Even in 1971, Awami League wasn’t stating it wanted independence: Srinath Raghavan

Raghavan srinath a global history of creation of Bangladesh

With elections approaching amidst violence, Bangladesh’s future looks uncertain. Some of this is rooted in a past marked by enduring clashes. Srinath Raghavan , senior fellow at the Centre for Policy Research and senior research fellow at King’s College, London, spoke with Ashish Yechury about why Bangladesh’s creation was a global affair, influences shaping this — and how even Israel apparently got involved:

Your book is called 1971: A Global History of the Crea-tion of Bangladesh — why global?

Well, the creation of Bangladesh is generally seen as a subcontinental affair; in default mode, it’s seen as the second partition. This seems to me a very narrow view. It doesn’t take into account a wider international context in which this happened and which decisively shaped the outcome. This was a global event — participants themselves thought they had to secure global support. In a sense, the struggle on the ground was matched by a struggle for global opinion. That’s central in understanding these events.

You argue Bangladesh’s creation wasn’t inevitable — but you list conditions in the build-up to 1971 which played a key role. How do you reconcile these?

The deterministic reading of Bangladesh primarily comes from the view that united Pakistan was an unsustainable entity. The arguments are on geography, with two wings of the same country separated by India. There are arguments about economic disparity, cultural differences between the Bengali and West Pakistani elite and the lopsided power-sharing arrangement between the two.

What i argue is that you don’t really need to look at the background to understand how the quest for autonomy transformed into a demand for freedom. We need a wider perspective.

Is your view that if the Pakistani response wasn’t so heavy-handed, there would not have been an independent Bangladesh?

You might have had a loose confederation which, in some ways, is what the Awami League and Sheikh Mujibur Rahman wanted — even as late as March 1971, the Awami League was not stating it wanted outright independence. They were asking for a loose confederation with devolution of political and economic autonomy to East Pakistan.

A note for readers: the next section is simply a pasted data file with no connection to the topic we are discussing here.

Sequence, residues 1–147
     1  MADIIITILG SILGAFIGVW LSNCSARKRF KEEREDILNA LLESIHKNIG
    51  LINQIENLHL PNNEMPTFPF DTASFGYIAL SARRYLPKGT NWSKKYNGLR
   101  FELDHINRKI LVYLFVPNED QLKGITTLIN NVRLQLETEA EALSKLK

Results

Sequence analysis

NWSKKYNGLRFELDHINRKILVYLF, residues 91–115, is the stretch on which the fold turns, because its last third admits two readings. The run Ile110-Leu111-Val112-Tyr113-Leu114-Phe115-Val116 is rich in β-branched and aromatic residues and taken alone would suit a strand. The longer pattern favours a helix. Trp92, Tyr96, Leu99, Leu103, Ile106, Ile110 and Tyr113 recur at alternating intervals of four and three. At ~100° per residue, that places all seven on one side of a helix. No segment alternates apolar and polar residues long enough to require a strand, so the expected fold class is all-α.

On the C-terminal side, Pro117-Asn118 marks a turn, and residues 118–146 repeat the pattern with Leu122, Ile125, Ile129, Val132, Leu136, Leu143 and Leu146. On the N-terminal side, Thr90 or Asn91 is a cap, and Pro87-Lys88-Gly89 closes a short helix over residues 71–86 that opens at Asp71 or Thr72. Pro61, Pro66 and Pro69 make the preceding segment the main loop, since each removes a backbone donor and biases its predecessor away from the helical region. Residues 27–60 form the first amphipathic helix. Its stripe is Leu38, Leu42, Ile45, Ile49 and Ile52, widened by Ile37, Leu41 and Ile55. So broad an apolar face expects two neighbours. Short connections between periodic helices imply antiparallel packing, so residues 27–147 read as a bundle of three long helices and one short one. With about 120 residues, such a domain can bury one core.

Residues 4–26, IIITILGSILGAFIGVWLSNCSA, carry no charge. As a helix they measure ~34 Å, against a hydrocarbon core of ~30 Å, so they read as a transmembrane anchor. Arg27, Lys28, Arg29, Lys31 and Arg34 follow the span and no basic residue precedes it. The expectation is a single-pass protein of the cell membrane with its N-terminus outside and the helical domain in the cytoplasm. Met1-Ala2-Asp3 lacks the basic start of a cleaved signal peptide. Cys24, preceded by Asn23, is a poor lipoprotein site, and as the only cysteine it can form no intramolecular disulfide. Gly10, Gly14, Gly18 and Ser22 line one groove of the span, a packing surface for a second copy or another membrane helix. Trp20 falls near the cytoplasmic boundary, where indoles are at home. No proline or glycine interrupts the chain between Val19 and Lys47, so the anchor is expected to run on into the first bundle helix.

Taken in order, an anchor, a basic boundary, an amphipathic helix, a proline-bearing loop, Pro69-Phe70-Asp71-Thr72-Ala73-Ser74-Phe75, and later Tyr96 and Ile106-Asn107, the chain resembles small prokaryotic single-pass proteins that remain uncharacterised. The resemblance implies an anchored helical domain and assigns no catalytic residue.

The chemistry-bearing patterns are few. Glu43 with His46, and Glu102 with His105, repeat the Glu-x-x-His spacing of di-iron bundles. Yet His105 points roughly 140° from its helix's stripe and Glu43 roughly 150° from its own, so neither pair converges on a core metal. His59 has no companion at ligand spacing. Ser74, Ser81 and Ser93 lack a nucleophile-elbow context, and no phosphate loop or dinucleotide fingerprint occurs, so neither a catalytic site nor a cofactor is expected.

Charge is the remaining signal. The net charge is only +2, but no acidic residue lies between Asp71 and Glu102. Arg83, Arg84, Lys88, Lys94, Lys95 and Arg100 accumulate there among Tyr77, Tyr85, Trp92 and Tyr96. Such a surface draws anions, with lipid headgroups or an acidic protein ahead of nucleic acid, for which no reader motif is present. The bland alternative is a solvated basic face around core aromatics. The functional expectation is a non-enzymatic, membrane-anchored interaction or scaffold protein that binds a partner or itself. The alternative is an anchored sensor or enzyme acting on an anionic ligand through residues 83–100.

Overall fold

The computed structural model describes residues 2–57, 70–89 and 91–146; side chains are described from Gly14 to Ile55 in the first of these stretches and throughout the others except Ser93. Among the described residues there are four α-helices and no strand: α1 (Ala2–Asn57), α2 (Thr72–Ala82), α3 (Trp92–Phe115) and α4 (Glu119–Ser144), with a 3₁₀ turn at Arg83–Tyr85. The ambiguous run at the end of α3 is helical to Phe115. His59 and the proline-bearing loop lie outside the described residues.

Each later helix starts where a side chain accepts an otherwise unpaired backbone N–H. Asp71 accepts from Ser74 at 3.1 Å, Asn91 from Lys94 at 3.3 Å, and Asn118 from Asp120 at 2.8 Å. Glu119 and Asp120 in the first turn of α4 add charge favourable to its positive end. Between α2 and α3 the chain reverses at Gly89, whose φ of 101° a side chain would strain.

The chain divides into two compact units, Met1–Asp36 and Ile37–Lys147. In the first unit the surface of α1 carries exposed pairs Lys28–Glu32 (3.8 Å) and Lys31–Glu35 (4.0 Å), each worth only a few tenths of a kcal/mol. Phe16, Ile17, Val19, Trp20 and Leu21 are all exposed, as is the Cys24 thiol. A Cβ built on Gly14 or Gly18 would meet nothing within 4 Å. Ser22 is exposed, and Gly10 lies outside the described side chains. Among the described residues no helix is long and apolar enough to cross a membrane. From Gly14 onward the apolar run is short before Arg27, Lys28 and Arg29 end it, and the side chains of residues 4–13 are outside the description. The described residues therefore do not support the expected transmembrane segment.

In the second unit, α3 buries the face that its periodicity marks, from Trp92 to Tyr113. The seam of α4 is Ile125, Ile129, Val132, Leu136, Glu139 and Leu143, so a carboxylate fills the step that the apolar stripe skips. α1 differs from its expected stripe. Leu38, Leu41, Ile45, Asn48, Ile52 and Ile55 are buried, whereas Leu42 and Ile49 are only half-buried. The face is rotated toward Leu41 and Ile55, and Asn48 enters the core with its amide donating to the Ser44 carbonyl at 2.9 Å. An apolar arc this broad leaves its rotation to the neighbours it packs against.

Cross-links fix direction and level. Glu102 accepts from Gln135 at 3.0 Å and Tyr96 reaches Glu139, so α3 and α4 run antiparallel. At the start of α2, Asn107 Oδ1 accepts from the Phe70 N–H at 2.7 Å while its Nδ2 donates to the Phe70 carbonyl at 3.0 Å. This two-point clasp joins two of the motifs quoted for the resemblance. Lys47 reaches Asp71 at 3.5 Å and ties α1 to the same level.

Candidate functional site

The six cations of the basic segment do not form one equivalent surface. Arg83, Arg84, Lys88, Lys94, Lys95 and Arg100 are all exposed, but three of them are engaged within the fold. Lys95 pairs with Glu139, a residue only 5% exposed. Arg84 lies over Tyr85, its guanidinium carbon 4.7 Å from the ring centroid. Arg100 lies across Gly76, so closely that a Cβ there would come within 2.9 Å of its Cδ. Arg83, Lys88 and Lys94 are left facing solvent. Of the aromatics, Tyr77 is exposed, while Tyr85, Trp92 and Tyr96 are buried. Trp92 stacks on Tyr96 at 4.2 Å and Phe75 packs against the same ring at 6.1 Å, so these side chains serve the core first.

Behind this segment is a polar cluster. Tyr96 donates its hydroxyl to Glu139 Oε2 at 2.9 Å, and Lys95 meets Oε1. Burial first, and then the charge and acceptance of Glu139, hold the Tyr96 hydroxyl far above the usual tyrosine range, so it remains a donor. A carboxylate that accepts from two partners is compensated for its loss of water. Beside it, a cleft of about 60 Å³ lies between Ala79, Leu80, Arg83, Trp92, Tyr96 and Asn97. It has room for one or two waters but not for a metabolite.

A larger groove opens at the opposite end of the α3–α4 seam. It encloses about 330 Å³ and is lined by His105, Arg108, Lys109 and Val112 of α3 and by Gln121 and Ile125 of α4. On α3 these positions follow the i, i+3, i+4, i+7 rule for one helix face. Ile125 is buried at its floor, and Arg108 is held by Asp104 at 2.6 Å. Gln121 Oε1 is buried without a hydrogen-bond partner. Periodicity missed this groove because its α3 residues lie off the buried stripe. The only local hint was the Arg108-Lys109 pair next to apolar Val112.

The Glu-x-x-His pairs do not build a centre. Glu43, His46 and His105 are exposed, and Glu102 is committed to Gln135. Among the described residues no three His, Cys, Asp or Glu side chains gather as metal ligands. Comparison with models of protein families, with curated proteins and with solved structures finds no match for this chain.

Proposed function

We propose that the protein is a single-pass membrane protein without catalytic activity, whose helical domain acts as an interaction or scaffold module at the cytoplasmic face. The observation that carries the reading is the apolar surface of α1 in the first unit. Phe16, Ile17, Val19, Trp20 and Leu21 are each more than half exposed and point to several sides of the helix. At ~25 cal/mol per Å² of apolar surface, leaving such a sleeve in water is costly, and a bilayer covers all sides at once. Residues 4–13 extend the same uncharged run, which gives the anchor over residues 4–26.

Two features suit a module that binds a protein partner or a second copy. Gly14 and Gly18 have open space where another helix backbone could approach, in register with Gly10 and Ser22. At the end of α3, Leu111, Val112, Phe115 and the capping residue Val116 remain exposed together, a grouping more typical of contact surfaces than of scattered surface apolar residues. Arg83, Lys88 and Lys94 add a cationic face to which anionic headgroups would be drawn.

There was hope that with a looser confederation set-up and fair elections, the Bengalis’ numerical superiority would kick in and they could get greater power, a fairer share.

Why link this to the ‘spirit of 1968’?

To me, the student movements of 1968 are the turning point in the history of Pakistan. Ayub Khan had been in power for 10 years and Pakistan was doing well economically, despite growing disparity and concentration of wealth. Student movements in East and West Pakistan precipitated change.

Student movements were a global phenomenon and i quote a CIA document where they say that this was a global movement. In Pakistan, these students were from a different generation. Sheikh Mujibur himself was a student leader in the 1940s, he had fought for Pakistan with different aspirations. The radicalisation of this student movement forced the Awami League to make their negotiating position far less flexible.

Meanwhile, amidst all this, you mention Israel getting involved — can you tell us more?

The Israelis have a history of supplying weapons to India. In 1962 and 1965, they sent some weapons despite the US embargo on India in 1965. So India had a secret backchannel with the Israelis — there is no indication that the Americans knew about them giving arms in 1971.

Full diplomatic recognition from India was important for Israel as they were feeling extremely isolated at that time — they thought this would help.

Source: Times of India